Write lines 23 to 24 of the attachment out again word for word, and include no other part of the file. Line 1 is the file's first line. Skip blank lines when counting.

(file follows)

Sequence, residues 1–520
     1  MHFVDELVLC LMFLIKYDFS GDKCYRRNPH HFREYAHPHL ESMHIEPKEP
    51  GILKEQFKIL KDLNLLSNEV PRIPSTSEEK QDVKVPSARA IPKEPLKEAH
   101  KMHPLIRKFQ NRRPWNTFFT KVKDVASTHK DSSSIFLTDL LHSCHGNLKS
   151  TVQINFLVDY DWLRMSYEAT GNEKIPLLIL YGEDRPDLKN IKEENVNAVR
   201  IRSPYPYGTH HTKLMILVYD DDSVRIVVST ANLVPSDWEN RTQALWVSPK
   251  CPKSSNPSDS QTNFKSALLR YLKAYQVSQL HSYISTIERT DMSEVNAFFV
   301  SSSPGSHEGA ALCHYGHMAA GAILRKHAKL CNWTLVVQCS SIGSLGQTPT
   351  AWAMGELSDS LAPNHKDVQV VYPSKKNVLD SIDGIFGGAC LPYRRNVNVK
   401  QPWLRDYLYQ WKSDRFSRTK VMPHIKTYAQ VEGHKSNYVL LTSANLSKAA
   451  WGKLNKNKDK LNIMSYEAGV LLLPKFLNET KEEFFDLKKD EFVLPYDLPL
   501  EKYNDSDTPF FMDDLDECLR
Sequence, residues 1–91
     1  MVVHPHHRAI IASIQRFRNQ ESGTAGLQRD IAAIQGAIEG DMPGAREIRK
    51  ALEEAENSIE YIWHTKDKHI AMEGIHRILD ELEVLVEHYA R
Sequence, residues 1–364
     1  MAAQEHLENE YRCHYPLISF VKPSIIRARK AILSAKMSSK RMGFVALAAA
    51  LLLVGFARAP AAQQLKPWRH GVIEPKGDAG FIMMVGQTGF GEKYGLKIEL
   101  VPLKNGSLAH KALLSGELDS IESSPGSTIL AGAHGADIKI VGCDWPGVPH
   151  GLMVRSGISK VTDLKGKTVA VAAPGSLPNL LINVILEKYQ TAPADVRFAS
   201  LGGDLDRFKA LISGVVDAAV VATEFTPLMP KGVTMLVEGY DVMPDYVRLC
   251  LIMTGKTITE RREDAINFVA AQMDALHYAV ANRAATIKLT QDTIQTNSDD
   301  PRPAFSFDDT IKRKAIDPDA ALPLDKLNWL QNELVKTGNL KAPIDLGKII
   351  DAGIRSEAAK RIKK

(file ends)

   301  PRPAFSFDDT IKRKAIDPDA ALPLDKLNWL QNELVKTGNL KAPIDLGKII
   351  DAGIRSEAAK RIKK